It’s that most hated time of year once again. Ranging from December through February, peak flu season is upon us, and let’s face it… no one wants the flu. Over 170 million people in the United States receive the controversy flu shot every year in hopes of avoiding it; however, 5-20% of the population in the country will still contract it. The more you understand about the way the flu virus works, the easier it will be for you to know how to avoid getting sick (or spreading your own germs).
When someone has the flu they can be contagious for a few days before they show symptoms and up to a week after their symptoms are gone. But, let’s face it, no one is staying home in bed for 7-10 days. That means there are many places (school, work, store, etc.) where you can be exposed to the flu virus. Since germs from a virus are not something that you can see, your first line of defense needs to be keeping your household properly cleaned and disinfected. Many people use these two words interchangeably, but they are not the same at all (see the infographic to find out the differences).
If left unattended, a simple flu could lead to various health problems such as:
- Ear infections
- Sinus infections
- Even congestive heart failure.
If someone in your household has the flu, you have to be very vigilant on the signs and symptoms he/she is experiencing. Once you see signs and symptoms of flu it is crucial to remedy it and to consult a health care provider especially if it’s your child experiencing it.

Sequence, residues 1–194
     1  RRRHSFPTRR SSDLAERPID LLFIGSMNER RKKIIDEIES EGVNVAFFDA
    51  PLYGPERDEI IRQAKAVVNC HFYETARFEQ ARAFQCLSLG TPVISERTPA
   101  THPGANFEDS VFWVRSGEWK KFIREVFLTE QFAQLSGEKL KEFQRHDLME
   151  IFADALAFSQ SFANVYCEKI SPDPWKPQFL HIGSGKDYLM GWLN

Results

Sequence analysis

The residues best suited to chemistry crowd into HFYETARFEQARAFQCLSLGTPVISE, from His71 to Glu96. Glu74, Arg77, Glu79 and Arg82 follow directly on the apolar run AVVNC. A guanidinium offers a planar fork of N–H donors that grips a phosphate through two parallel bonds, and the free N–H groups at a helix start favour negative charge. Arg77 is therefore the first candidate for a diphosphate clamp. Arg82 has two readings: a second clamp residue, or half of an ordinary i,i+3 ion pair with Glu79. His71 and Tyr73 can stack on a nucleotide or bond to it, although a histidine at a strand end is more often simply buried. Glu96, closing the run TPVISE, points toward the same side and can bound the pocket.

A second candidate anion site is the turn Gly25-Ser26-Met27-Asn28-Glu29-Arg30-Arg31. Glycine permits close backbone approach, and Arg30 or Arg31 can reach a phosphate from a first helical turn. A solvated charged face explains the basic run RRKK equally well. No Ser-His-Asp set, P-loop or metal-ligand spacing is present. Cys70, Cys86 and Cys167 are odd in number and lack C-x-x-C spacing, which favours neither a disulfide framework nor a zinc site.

Always bear in mind that prevention is always better than cure. Usually, if a family member gets the flu, there’s a huge chance that other family members can also get it. Thus, it is of utmost important for you the critical factors on how it is transmitted. You don’t need to be germophobic or totally paranoid on getting it in order to keep it from spreading. The important thing would be to know the best practices on impeding the virus from being spread.
For those times that your preventative efforts just aren’t enough, trying to keep your house properly cleaned will be key to stopping the spread of the virus. If you have a household with small children it can feel like a losing battle to get through the flu without every family member coming down with it. Knowing the common “points of contact” described in this infographic will help you to focus your cleaning efforts in the areas that tend to matter the most. You will also want to learn the included best practices on how to properly clean after the flu. The virus can stick around for days after you think everyone is healthy. The last thing you want at that time is for the family to hit round two. The cleaning tips and information included in this infographic from Clean Conscience are critical to helping you stop the spread of the flu virus.